Keep your dog safe and happy this Christmas
Christmas is just around the corner, the trees are going up, the presents are being wrapped, the food preparations are beginning. At such a busy time of year sometimes it is easy to forget the hidden dangers for our four legged friends and the stress it can cause them.
Without sounding a party pooper here are some tips to keeping your dogs sate this Christmas
- 1. Festive Foods - Avoid leaving food anywhere in your pet's reach - you can't blame them if it's left unattended! Many foods we love at Christmas time can make pets unwell, even turkey bones can become stuck in their throat if swallowed. It is not just your meals you need to be watchful of but gifts also - Selection boxes left and boxes of chocolates left as other presents are unwrapped perfect for the opportunist! Click here for a link to dangerous foods
- Christmas trees - Having a real pine tree in the house is one of the joys of the festive season, but remember the oils in fir trees can be mildly toxic, causing stomach upsets, and the needles themselves can get stuck in your pet's paws or throat. Regularly sweep up needles and close the door of the tree room when you go out, to avoid any accidents
- Decorations - Baubles, tinsel and decorations hanging from the tree look amazing but be careful, tree decorations can be dangerous: chocolate is harmful to pets and anything knocked off the tree can be swallowed by our inquisitive friends, and broken ornaments can get stuck in paws.
- Christmas Plants - Poinsettias, mistletoe and holly are Christmas favourites, bringing lots of festive cheer and colour into the home. However they are dangerous for pets; with varying levels of toxicity, the side effects depend on how much of the plant is consumed. Keep out of reach to avoid any tummy troubles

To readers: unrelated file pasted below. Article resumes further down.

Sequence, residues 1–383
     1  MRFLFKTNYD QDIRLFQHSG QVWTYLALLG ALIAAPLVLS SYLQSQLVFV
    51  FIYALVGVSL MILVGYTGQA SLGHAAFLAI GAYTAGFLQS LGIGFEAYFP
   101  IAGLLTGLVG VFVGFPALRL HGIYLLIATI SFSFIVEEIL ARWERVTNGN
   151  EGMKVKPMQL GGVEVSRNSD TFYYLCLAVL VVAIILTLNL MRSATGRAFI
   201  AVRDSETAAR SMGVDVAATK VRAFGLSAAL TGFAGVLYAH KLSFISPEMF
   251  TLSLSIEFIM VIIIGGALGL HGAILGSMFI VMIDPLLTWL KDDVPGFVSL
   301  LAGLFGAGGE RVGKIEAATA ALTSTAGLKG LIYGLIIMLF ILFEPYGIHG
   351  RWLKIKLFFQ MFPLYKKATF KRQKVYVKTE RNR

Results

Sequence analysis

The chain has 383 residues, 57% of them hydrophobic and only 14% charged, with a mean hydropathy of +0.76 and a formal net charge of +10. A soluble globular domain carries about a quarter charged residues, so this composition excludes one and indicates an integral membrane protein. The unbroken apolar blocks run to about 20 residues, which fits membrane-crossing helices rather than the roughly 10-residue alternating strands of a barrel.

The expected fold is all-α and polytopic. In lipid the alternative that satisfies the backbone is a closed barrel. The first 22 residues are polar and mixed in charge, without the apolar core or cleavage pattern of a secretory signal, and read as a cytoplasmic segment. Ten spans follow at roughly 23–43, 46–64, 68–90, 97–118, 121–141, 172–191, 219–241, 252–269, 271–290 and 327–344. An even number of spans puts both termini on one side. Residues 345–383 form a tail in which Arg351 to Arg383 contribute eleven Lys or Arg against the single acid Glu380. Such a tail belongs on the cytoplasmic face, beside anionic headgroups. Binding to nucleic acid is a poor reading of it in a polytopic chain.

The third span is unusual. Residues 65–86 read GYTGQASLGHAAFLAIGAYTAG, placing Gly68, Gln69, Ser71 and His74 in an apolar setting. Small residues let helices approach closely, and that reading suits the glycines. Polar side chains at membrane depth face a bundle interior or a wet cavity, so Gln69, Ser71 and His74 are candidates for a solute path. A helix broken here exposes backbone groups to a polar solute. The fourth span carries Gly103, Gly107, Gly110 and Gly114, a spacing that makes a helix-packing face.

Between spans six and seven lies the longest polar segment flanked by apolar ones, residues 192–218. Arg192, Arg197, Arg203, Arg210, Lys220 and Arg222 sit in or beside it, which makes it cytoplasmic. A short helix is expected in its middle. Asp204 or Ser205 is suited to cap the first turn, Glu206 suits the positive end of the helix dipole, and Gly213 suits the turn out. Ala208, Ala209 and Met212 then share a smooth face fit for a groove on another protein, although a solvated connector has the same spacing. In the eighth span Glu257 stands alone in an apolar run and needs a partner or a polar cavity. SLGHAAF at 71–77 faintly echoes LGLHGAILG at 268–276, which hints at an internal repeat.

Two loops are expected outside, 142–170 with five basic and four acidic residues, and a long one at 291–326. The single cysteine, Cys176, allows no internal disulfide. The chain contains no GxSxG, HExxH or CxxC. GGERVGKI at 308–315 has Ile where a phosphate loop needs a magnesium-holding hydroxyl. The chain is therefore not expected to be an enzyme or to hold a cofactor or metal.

- Wrapping - Clean up wrapping paper quickly after presents have been opened. If chewed, wrapping paper and ribbons can prove dangerous for a pet’s intestines.
- Fire safety - A crackling fire is loved by all on a cold winter's day. But be careful if you have an open fireplace - your pet may not be used to it and may try to investigate too closely. Place any festive candles out of reach too, to avoid accidents.
- Guests - Christmas time often means a busy home with friends and family, Remember that new faces and more noise can be scary for your pet, so it's a good idea to provide them with a safe room so they can escape and be put at ease if it all becomes too much. Even the most social dogs need a break sometimes. It may also help to play music or leave the TV on to mask the chatter of visitors.
- Holiday blues - With so many parties and Christmas shopping to be done, don't leave your pet for too long - our furry friends deserve the love and a share of the festive fun as much as we do. Spend time with them this winter.It's also important to maintain your pet's normal routines, especially with feeding and exercise, to avoid them becoming too unsettled.
Most importantly don’t forget to give your pet a special Christmas treat! Visit www.leadingdog.co.uk for amazing gift ideas.